Self-employed individuals represent about 10 percent of all U.S. workers, according to an analysis. Here’s where they’re concentrated.
Good news for entrepreneurship, bad news for entrepreneurs who don’t want any market competition: We’re experiencing the highest level of entrepreneurial activity recorded in the last two decades, according to a data set published by the Ewing Marion Kauffman Foundation in 2019. There’s been an uptick in 55- to 64-year-old entrepreneurs launching businesses by choice rather than necessity, and in 2017, the share of startups founded by immigrants was double that of native-born entrepreneurs. And if you recently took the leap and started your own business, the numbers are in your favor: About eight in 10 early startups survive, and that number remains largely unchanged since 2012.
But what does the map look like in the midst of this entrepreneurship boom? Where are the founders located, and which cities’ economies are they affecting? Ex-Uber CEO Travis Kalanick’s new startup, CloudKitchens — a real estate company pairing delivery-only restaurants with home-base kitchens — recently published an analysis of the “most entrepreneurial” cities in the U.S. after crunching the numbers on Census Bureau data, specifically the organization’s 2017 “American Community Survey Public Use Microdata Sample.” The methodology involved calculating the percentage of self-employed workers (whether via an incorporated or unincorporated business), as well as using the sample data to denote median total income and the most “overrepresented” industry in entrepreneurship.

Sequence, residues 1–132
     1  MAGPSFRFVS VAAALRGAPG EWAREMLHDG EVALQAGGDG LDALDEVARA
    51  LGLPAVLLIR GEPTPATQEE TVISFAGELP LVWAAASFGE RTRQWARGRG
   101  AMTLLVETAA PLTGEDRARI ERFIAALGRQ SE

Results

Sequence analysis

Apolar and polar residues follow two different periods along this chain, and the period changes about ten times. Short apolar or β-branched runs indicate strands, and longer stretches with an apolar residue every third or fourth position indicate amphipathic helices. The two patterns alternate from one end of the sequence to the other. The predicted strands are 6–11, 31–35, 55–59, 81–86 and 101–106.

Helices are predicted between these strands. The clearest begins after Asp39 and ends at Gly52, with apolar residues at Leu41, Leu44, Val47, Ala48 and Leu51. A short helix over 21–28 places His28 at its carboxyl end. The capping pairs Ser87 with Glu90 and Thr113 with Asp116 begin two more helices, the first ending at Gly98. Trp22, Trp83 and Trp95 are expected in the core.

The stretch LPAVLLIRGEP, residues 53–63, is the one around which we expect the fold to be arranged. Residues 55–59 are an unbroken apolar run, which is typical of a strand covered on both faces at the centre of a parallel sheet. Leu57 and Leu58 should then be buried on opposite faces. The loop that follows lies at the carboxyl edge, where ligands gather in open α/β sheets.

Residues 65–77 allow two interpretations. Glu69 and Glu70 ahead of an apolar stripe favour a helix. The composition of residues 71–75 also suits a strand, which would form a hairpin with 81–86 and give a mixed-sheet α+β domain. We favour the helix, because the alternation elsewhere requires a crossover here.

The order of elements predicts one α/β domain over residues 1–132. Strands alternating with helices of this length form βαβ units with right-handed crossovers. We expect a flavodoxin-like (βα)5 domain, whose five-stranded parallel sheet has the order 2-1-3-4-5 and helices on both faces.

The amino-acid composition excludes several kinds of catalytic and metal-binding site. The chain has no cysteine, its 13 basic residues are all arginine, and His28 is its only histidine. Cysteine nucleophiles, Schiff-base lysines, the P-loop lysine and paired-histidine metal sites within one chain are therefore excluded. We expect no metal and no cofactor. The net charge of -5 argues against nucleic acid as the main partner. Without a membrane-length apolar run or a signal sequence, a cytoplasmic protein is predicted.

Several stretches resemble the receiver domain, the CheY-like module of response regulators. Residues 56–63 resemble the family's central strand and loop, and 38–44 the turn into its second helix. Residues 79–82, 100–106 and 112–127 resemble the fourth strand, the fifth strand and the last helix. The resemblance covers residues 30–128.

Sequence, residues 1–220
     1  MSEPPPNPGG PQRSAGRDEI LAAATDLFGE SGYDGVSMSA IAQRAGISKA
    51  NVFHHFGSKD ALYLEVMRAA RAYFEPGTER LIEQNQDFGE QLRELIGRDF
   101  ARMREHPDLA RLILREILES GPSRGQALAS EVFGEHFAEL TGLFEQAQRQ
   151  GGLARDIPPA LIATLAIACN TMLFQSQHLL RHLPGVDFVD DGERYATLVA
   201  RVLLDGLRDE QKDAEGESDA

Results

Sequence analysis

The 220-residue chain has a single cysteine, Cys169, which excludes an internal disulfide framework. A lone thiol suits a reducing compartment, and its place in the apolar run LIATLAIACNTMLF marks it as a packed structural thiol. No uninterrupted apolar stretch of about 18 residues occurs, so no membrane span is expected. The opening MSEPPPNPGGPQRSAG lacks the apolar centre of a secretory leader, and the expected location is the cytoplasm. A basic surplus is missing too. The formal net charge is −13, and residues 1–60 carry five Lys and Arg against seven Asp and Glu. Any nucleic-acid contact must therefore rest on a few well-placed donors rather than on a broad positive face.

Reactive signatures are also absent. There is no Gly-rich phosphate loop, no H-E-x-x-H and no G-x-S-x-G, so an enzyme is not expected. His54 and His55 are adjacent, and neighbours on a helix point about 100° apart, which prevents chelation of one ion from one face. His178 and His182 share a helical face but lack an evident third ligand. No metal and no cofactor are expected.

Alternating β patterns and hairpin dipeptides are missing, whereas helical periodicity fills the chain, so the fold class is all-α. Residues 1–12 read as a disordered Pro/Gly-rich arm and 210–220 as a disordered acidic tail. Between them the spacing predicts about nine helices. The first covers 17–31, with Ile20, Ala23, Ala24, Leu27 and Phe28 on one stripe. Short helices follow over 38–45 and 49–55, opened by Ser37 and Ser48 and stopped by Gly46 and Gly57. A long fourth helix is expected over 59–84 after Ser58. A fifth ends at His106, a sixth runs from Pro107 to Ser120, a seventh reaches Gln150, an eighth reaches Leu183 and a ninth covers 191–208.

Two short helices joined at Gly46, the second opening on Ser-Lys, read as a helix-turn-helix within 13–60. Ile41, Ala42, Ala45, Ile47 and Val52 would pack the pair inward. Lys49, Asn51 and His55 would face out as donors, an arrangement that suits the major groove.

The New York, Newark and Jersey City region ranked 15th, with self-employed individuals making up 10.5 percent of workers. The median total income for full-time self-employed people was $55,000. As for top billing? The number-one spot went to the region encompassing Miami, Fort Lauderdale and West Palm Beach, Fla., with a self-employed worker rate of 15.6 percent and a $40,000 median total income. Read on for the rest of the list.